A pseudonymous TikTok user sparked global controversy in April by releasing an AI-generated, fictional collaboration between Drake and The Weeknd that quickly went viral. Now they’re back with a new song—and hoping to take the robot-crafted tracks all the way to the Grammys. 

The song’s creator, Ghostwriter, recently submitted the hit, fabricated Drake/Weeknd single—”Heart on My Sleeve”—for Grammy Awards consideration in two categories: Best Rap Song and Song of the Year. The song had been yanked from streaming platforms following legal threats earlier this year.

Since Ghostwriter wrote the lyrics to the song, per The New York Times, the artist would appear to be eligible for the music industry’s top honor—despite the fact that their song employed artificial intelligence to mimic the vocal styles of Drake and The Weeknd without those star singers’ respective consent.


Harvey Mason Jr., CEO of the Recording Academy—the organization behind the Grammys—previously told Decrypt that he stands by the Academy’s recent decision to allow songs created in part (but not mostly or entirely) with AI tools to be eligible for awards. 

[We] will not be giving an award to AI-generated material, but we will allow material that was contributed to by AI to be entered," Mason said in July. "It wouldn't be fair to discredit every piece of creative work that was submitted if it had been touched by AI."

Mason confirmed to The New York Times that the fake Drake/Weeknd song is “absolutely eligible” for awards consideration on the creative front, given the human origin of the lyrics.

However, there's a hitch. On Friday, Mason clarified via a social media video that the song in fact would not be eligible for Grammy Awards this year on the basis of it not having been commercially available via "general distribution" and a "broad release." In other words, it could have been up for nominations if it hadn't been pulled.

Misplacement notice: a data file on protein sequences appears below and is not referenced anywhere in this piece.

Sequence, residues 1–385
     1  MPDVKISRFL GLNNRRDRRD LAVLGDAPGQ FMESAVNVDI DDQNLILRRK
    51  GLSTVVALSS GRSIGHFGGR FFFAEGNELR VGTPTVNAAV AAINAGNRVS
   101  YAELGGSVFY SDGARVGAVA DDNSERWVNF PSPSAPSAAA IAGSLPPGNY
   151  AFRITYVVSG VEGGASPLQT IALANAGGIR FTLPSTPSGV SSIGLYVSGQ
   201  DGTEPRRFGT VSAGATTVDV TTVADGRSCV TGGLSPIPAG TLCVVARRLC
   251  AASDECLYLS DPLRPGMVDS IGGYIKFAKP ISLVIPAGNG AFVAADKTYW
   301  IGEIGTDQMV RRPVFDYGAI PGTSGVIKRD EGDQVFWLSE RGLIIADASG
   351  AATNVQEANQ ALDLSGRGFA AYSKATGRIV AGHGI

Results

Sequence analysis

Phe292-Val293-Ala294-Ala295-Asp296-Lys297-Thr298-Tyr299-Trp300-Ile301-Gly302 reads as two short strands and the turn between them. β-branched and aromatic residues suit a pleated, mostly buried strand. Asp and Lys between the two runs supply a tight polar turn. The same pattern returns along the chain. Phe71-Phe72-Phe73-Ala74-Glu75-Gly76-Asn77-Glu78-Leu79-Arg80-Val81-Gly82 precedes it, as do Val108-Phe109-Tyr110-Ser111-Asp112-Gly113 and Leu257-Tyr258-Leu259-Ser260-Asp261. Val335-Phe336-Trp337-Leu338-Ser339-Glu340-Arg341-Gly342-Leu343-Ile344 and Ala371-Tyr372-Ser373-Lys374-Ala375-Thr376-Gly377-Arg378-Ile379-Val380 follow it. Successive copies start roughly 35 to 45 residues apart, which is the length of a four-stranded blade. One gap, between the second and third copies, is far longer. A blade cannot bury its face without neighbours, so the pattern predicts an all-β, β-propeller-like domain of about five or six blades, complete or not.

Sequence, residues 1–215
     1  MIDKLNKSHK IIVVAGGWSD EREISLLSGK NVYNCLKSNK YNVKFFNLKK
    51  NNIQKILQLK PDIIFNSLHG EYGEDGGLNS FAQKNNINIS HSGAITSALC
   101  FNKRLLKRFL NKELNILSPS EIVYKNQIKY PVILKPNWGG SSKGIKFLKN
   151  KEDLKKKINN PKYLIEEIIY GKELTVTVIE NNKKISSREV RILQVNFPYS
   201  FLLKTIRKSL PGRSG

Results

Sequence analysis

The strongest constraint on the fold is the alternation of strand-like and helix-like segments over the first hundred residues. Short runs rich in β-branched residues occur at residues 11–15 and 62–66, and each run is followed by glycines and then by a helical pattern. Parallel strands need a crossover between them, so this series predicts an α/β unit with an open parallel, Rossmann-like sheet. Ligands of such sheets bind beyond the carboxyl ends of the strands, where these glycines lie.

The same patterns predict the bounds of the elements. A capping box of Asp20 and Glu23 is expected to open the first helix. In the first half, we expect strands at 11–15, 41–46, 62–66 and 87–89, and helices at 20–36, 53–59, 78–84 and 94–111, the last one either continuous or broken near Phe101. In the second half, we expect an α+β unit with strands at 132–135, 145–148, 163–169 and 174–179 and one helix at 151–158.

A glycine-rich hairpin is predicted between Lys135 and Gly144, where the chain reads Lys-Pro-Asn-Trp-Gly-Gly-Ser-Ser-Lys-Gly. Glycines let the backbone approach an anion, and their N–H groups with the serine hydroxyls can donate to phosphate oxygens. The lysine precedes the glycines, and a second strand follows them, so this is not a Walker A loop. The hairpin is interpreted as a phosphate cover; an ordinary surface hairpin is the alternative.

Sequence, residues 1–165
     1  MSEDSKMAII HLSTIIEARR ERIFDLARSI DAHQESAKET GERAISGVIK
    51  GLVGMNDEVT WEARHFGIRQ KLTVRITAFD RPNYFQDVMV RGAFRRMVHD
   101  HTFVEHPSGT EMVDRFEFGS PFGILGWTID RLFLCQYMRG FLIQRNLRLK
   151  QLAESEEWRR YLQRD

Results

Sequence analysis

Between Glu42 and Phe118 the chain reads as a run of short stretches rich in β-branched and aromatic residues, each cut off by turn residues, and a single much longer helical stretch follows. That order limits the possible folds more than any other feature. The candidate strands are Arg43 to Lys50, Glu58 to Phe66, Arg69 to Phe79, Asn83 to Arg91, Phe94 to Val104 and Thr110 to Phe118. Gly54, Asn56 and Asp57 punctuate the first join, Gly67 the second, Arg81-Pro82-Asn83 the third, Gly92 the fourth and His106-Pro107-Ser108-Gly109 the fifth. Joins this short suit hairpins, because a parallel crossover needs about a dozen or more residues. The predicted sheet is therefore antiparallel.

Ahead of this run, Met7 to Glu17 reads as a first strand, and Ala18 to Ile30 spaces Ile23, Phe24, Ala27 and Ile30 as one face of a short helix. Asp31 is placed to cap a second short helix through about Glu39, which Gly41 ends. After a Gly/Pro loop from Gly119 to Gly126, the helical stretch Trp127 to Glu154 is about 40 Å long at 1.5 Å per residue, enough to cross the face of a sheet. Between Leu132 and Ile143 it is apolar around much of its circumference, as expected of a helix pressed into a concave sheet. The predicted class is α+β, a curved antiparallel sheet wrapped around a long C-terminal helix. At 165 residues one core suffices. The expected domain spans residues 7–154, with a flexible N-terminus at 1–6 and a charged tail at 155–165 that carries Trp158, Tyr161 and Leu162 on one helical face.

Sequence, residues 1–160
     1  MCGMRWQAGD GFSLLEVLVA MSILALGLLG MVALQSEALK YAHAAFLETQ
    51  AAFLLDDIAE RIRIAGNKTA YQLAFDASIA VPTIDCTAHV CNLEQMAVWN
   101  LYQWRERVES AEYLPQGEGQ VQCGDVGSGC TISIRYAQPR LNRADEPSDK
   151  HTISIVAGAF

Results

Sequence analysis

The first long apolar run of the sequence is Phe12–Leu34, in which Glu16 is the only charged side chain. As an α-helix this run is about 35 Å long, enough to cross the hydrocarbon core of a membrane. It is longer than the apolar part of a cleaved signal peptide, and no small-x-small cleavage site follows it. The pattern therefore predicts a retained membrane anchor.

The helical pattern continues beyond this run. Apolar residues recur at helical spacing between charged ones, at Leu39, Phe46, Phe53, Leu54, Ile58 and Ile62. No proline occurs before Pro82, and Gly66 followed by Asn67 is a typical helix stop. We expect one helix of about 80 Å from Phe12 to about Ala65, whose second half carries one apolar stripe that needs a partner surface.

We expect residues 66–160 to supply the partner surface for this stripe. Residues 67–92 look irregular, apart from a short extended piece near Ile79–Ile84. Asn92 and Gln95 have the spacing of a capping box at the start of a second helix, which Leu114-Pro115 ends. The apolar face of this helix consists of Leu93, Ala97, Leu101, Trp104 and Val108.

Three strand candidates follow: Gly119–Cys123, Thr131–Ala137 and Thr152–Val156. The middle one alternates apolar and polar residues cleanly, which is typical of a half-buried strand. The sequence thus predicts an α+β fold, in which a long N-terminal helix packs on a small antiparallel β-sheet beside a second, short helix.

Earlier this week, Ghostwriter published a new AI-assisted track, “Whiplash,” this one imagining a collaboration between the rappers Travis Scott and 21 Savage. This time, Ghostwriter left a note along with their music, imploring Scott and 21 Savage to allow the track to be released widely in return for any royalties the song generated.


“It’s clear that people want this song,” Ghostwriter wrote. “The future of music is here. Artists now have the ability to let their voice work for them without lifting a finger.” 

Ghostwriter’s refusal to go away quietly in the face of the ethical and legal concerns swirling around AI-generated music speaks to the pervading thought among some recording industry leaders that AI cannot be combatted—it must be adapted to. To these executives, the technological toothpaste is already out of the tube, so to speak.

“Not knowing exactly what [AI] is going to mean or do in the next months and years gives me some pause and some concerns,” Grammys chief Mason previously told Decrypt. “But I absolutely acknowledge that it's going to be a part of the music industry and the artistic community and society at large.”

The entry period for Grammys submissions ended last week. Recording Academy members will vote on nominees from October 11-20; nominees will then be announced on November 10. The 66th Annual Grammy Awards are set to air live on February 4, 2024 from the Crypto.com Arena in Los Angeles.

Editor's note: This article was updated following the release of a social media video from Harvey Mason Jr. with new information claiming that the song's lack of a wide release makes it ineligible for Grammy awards, despite meeting the Recording Academy's creative criteria around AI tools.

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